|Prerequisites / Notice||We only admit students to the practical who have successfully completed the introductory lectures in systematic botany together with the associated exercises and excursions (cf. course 701-0360-00L Systematic Biology: Plants). In addition, we expect that the participants know how to use a determination key (Bestimmungsschlüssel zur Flora der Schweiz) and understand the necessary terminology.|
Students from other universities are requested to contact the lecturers.
27.6.-1.7.: individual activities and guided day excursions (to be announced)
3.7.: exam at ETH Zentrum
The excursions will take place under any weather conditions. The participants should be able to cope with rough and steep terrain and should bring appropriate equipment. Sturdy mountain boots are mandatory!
No course fees.
|701-0362-00L||Soils and Vegetation of the Alps (Excursion) |
Diese Exkursion (max. 24 Plätze) gehört zur Vorlesung «Flora und Vegetation der Alpen» (701-0364-00; A. Widmer). Sie kann nur gleichzeitig mit der Vorlesung oder nach bestandener Prüfung belegt werden. Alternativ ist eine Teilnahme möglich mit bestandenen Prüfungen in «Boden- und Wasserchemie» (701-0533-00L; R. Kretzschmar, D.I. Christl, L. Winkel) und «Pedosphäre» (701-0501-00L; R. Kretzschmar).
|W||2 credits||2P||A. Widmer, R. Kretzschmar|
|Abstract||The excursion in the area of Davos illustrates how climatic and edaphic factors shape the distribution of alpine plants. Visits of multiple sites on different bedrocks in the subalpine and alpine elevational belts reveal connections between climatic conditions, soil formation and vegetation development.|
- understand how parent rock, topography, climate, and vegetation influence soil forming processes and resulting soil properties (e.g. nutrients, water) in the Alps.
- understand, how climatic and edaphic factors affect the occurrence and distribution of alpine plants.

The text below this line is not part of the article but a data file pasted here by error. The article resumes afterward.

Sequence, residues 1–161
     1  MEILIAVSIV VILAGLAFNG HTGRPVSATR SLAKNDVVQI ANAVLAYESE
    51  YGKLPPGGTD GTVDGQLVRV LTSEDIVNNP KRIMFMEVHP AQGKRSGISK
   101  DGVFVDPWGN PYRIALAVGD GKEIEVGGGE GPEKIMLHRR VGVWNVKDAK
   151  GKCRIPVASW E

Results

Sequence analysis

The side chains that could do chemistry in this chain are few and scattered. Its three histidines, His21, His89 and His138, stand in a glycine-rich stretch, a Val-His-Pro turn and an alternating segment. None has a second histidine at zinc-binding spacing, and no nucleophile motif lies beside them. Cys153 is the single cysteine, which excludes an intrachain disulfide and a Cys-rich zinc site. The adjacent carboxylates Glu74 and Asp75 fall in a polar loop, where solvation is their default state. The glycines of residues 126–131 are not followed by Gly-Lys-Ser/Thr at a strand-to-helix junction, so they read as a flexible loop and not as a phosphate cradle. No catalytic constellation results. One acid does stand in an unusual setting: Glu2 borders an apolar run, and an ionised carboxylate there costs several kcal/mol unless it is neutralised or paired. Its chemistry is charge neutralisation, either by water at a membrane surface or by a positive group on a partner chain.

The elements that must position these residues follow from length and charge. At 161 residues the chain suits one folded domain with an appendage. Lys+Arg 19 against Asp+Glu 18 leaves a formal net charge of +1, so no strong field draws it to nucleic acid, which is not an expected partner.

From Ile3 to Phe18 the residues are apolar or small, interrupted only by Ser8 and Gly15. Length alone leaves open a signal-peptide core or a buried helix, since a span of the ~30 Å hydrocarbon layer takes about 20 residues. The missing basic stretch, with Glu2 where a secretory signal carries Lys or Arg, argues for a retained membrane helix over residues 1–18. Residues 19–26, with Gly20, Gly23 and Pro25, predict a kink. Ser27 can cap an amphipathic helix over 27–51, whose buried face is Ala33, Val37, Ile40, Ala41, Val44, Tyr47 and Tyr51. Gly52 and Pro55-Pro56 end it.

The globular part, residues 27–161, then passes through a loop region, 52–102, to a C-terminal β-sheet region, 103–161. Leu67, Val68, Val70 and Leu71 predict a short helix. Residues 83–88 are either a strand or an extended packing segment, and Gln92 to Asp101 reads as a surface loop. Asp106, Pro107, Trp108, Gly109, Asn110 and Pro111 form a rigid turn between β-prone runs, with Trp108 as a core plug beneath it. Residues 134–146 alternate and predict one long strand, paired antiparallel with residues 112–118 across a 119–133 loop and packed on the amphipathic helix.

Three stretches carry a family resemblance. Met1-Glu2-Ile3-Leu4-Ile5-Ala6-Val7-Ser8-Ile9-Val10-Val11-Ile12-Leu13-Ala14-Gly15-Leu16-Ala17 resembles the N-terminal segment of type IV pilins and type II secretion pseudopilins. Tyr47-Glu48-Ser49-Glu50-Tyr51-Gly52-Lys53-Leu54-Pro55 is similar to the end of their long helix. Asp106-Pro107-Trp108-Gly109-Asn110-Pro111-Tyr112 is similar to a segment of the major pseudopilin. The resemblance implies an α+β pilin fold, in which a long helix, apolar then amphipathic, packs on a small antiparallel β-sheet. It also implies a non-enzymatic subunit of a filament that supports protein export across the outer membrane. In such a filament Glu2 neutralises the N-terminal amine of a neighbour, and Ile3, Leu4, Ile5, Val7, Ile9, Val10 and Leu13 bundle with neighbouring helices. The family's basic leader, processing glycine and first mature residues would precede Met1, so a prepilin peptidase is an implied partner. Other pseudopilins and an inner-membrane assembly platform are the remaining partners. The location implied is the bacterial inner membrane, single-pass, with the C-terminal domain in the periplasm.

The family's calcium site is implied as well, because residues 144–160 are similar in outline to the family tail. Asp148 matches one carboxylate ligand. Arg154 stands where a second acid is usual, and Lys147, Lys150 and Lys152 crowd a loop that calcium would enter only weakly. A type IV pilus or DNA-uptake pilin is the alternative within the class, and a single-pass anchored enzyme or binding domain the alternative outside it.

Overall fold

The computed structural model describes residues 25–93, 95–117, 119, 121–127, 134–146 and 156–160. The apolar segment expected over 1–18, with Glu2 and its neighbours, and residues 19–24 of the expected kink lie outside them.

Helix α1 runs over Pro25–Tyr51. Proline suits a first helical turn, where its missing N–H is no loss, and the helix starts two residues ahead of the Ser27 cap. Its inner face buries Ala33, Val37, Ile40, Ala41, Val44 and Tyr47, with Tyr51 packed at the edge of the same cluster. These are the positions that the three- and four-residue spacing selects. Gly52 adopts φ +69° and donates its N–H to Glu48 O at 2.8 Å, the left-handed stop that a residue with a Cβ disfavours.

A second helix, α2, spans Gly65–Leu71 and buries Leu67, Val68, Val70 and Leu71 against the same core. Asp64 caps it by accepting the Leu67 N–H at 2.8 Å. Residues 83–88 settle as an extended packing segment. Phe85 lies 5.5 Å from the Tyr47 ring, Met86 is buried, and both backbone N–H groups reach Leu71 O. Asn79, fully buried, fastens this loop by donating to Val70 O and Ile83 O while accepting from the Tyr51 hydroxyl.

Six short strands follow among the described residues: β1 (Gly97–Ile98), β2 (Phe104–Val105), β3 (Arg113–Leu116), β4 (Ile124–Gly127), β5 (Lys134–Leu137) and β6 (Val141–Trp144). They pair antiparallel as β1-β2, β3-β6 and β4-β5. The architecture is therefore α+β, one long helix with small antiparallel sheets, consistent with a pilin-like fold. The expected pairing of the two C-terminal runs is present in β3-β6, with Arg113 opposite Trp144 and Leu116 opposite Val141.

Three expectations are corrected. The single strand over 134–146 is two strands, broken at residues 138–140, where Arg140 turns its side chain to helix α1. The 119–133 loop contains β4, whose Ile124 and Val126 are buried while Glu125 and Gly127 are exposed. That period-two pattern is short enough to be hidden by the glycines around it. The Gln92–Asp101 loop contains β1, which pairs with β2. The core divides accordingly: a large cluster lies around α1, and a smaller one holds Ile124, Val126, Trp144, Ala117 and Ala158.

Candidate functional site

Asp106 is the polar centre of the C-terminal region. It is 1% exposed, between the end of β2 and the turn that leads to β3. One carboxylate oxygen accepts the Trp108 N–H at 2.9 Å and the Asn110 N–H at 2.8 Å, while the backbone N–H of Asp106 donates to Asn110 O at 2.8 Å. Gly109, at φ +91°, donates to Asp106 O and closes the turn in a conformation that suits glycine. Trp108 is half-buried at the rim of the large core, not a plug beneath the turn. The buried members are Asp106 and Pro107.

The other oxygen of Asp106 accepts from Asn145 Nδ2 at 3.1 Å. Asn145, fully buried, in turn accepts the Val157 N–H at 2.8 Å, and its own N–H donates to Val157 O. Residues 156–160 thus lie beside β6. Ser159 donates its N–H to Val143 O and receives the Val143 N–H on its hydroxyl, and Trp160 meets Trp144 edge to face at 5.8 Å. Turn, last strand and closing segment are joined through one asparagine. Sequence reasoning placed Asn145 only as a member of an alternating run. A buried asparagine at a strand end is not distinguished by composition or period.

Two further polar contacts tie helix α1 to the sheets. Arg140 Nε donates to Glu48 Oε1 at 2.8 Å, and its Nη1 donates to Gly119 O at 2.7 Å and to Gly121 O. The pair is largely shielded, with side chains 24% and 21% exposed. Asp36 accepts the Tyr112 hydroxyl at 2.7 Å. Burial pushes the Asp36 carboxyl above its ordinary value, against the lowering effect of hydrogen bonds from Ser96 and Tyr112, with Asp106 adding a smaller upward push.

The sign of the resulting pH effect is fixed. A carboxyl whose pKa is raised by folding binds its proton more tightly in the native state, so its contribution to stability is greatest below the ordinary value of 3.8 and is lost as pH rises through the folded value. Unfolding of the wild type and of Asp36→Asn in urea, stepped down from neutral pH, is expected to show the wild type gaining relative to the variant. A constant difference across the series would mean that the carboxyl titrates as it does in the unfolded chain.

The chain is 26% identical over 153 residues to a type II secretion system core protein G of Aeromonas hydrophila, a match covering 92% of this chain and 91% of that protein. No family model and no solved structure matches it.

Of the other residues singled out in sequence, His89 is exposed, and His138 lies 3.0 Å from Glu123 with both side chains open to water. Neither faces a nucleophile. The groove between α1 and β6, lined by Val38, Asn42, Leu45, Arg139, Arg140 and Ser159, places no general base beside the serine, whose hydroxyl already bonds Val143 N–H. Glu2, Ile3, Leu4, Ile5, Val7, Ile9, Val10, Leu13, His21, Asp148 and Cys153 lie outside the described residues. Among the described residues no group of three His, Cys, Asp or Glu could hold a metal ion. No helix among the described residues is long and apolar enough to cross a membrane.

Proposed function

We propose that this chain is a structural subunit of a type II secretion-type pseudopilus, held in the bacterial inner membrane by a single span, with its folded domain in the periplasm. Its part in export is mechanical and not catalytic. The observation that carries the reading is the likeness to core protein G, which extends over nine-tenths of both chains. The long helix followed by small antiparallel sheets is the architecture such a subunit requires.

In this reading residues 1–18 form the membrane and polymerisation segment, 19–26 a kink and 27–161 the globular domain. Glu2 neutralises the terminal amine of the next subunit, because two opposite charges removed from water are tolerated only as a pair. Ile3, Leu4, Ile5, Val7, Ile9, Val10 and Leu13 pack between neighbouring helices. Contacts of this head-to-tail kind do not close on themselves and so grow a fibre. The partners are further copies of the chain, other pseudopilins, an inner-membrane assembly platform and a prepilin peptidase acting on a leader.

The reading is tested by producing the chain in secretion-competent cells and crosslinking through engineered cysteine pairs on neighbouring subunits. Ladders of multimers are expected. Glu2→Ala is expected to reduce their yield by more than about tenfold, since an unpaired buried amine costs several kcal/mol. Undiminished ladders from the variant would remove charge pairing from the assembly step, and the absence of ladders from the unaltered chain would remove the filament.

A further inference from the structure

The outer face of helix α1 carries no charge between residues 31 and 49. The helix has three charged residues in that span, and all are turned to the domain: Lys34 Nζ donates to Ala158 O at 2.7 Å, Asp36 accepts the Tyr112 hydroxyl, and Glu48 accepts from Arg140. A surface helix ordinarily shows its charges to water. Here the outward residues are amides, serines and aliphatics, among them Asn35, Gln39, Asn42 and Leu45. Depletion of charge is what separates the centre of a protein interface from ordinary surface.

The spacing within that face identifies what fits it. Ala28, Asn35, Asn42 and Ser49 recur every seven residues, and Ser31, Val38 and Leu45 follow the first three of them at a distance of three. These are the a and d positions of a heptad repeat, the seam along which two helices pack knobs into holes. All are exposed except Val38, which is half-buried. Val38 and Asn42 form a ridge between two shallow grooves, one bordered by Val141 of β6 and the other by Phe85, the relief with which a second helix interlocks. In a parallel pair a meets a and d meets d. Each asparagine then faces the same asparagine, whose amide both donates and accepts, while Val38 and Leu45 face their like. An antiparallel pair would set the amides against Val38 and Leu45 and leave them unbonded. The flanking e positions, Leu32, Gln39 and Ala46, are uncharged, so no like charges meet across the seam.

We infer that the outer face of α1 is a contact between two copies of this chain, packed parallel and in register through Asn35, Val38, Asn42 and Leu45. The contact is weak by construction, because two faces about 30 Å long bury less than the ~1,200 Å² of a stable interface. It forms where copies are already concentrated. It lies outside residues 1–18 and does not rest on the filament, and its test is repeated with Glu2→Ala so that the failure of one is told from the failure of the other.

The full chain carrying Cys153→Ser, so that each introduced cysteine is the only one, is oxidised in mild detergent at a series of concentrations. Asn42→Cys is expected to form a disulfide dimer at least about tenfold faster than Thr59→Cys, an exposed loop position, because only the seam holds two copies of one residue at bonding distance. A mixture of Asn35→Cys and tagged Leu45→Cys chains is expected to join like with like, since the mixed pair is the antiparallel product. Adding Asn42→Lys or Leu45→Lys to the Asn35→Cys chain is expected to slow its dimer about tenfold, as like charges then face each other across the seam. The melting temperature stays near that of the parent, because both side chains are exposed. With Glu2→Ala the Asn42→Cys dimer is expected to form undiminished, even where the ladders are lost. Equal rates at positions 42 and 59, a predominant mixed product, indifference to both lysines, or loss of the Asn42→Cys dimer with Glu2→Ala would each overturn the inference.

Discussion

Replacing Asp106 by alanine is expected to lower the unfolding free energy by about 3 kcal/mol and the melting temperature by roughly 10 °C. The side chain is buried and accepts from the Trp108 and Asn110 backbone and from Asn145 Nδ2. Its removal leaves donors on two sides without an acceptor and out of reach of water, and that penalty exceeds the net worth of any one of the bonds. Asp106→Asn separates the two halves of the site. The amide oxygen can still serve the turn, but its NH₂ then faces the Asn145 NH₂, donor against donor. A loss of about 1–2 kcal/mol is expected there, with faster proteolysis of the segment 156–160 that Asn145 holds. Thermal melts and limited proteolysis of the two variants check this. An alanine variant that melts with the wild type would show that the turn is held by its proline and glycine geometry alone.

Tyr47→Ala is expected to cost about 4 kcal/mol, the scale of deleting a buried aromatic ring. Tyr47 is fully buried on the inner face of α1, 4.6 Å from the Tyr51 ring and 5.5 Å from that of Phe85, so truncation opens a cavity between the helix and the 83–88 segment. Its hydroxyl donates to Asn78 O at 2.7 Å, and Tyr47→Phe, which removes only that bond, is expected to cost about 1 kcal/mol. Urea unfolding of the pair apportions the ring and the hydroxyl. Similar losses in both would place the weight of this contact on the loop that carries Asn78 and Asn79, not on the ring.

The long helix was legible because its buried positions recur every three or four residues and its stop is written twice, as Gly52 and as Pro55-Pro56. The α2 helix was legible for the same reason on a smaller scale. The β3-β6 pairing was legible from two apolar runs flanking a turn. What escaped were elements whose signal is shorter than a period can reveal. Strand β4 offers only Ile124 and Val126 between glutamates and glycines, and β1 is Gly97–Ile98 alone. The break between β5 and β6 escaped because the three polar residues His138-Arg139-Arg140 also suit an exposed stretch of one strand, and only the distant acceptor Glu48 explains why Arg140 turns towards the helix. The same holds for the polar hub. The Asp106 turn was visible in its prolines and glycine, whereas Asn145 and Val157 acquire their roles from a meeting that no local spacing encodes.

- are familiar with characteristic plant communities on acidic, basic and ultramafic bedrock in the subalpine and alpine elevational belts.
- know characteristic plant species and plant communities of the subalpine and alpine elevational belts in the Alps.
|Content||4-day excursion in the area of Davos with visits of sites on different bedrock (dolomite, gneiss/mica schist, amphibolite, serpentinite) in the subalpine and alpine elevational belts.|
Structure, development and characteristics of the soils and of their effects on the vegetation; characteristic plant species and communities on different soil types.
|Lecture notes||A guide to the excursion will be made available.|
|Literature||Landolt E. 2003: Unsere Alpenflora. 7.Aufl., SAC-Verlag.|
|Prerequisites / Notice||Please note that this course will be taught in German.|
|701-1480-00L||Evolutionary Developmental Biology |
Number of participants limited to 24.
Waiting list will be deleted after 05.03.2021.
|W||3 credits||1S||M. La Fortezza, G. Velicer|
|Abstract||Students will be introduced to fundamental concepts and current open questions in the field of evolutionary developmental biology (Evo-Devo) primarily through reading, analysing and jointly discussing key literature.|
|Objective||The course aims to expose students to major conceptual themes of the Evo-Devo field through discussion of key papers and to active areas of current Evo-Devo research. At the end of the course, students should be able to present, think critically about and discuss key Evo-Devo concepts.|
|Content||Evolutionary developmental biology (Evo-Devo) is a multidisciplinary field that studies the interplay between developmental and evolutionary processes. Major questions include: How do developmental systems evolve and diversify? Do developmental programs influence their own future evolution, and how? How does ecology affect the evolution of developmental programs, and vice versa? Fascinating and experimentally challenging, Evo-Devo first empirically emerged from comparative embryology. However, in recent decades this discipline has grown considerably to interconnect with many other fields, from genetics to sociobiology to microbiology. The course will examine questions such as those above and touch on the ongoing inter-disciplinary integration of Evo-Devo, including its interface with ecology (“Eco-Evo-Devo”) and the integration of aggregative microbial developmental systems into the field.|
Müller, G. (2007). Evo–devo: extending the evolutionary synthesis. Nature Reviews Genetics 8, 943-949. https://dx.doi.org/10.1038/nrg2219
Abouheif, E., et al (2014). Eco-evo-devo: the time has come. Advances in experimental medicine and biology 781, 107-25. https://dx.doi.org/10.1007/978-94-007-7347-9_6
Moczek, A et al (2015). The significance and scope of evolutionary developmental biology: a vision for the 21st century. Evolution & development 17, 198-219. https://dx.doi.org/10.1111/ede.12125
Gilbert, S. (2019). Evolutionary transitions revisited: Holobiont evo‐devo. Journal of Experimental Zoology Part B: Molecular and Developmental Evolution 12, 117762501877479 - 8. https://dx.doi.org/10.1002/jez.b.22903